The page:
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Update: 28.01.23

Copyright Dr. Eng. Jan Pająk

Img.587 from Tapanui (#5)

Img.587 (#5) The "china stone" from Roxburgh. It is displayed by the Town Hall of that former gold-mining township. It represents a lump of soil melted by heat of the Tapanui explosion. In order to arrive at Roxburgh from the Tapanui Crater it needed to fly over 50 kilometres in the extremely heated air. This explains its aerodynamic shape.

Note the plate cemented under it. This plate tells the story of a whole pocket of gold nuggets and gold sand that was found lying on the surface of this stone. Because of this gold find, the stone become famous. But almost no-one looking at that china stone wonders where this gold originated from. After all, in order to be deposited on the upper surface of this stone, the gold needed to "fall from the sky". Similarly gold which constituted the New Zealand "golden fleece" must also "fall from the sky". This New Zealand "golden fleece" was simply formed from deposits of gold sand and gold nuggets that in past covered the surface of the ground in the entire area of post-explosive fallouts from the Tapanui explosion. This gold needed to be synthesised in the air by some extreme conditions of the super-powerful explosion similar to a thermonuclear explosion, means such as the Tapanui explosion. After falling to the ground this "golden fleece" later become a reason for the "gold rush" that gripped New Zealand in the last part of 19th century and at the beginning of 20th century.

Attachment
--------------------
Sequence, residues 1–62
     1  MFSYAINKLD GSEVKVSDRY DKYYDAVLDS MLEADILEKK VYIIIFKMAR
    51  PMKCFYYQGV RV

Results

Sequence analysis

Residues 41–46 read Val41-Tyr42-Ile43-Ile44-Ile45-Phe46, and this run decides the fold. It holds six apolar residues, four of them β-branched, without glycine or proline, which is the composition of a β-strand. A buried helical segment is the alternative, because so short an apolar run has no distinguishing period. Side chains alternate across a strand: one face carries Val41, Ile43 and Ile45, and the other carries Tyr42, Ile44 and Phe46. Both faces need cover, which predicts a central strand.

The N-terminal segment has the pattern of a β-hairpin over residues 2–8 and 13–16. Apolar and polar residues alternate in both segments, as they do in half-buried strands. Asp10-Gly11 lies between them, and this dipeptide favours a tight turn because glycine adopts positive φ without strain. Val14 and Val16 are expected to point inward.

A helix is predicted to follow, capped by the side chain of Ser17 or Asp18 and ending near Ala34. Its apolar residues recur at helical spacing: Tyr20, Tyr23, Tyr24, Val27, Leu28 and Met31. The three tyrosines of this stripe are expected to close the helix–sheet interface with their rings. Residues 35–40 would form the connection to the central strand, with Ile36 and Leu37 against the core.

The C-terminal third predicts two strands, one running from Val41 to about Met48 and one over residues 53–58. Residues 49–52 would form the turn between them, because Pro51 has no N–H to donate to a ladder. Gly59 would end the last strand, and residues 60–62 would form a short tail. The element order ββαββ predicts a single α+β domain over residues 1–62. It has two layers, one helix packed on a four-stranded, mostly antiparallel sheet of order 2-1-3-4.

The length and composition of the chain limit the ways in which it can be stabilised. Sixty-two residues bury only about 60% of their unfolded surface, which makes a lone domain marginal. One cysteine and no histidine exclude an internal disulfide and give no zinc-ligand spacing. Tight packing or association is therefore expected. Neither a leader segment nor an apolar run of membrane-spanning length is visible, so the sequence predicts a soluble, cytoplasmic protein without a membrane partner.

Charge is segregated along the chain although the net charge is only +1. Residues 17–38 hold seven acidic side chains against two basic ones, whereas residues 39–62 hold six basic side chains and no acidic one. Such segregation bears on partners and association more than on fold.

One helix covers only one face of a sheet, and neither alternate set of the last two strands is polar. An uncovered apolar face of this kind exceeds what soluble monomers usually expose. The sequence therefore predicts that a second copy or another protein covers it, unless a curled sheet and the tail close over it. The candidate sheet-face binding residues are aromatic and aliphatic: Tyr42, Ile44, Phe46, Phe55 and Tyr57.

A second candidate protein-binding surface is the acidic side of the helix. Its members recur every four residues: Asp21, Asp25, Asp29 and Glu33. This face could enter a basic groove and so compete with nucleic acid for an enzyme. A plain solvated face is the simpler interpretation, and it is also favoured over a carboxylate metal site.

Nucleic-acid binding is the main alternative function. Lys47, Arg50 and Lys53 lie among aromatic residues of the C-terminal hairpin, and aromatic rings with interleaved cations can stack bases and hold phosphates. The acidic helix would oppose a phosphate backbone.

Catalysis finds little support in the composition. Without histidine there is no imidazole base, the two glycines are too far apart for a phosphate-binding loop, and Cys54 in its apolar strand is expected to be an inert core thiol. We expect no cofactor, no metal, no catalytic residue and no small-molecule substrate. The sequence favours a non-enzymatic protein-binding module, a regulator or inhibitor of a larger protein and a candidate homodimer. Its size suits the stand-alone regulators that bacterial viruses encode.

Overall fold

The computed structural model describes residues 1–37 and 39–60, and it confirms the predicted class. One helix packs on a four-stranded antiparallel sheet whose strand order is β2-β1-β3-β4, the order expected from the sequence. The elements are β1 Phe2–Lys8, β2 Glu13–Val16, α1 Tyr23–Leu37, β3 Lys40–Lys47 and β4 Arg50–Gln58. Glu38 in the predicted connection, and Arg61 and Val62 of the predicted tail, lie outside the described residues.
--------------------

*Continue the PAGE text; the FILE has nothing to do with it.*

Such "china stones" were splashed radially from the Tapanui Crater. They are simply big lumps of baked clay and soil lifted into the air by the power of explosion, then melted and aerodynamicaly shaped during the flight in hot air, and hardened after falling to the ground. The largest of these stones tend to be spread along the east edge of the post-explosion fallouts (the west edge tends to have the fine "trinitite" deposits - see item #E2. from the website Tapanui), probably because of the clay and soil configurations inside the Crater. Some "china stones" splashed from the Tapanui Crater flew as far as the town of Hokitika, located around 400 kilometres away from the crater. China stones display aerodynamic shapes and their properties correspond to those of lumps of china.

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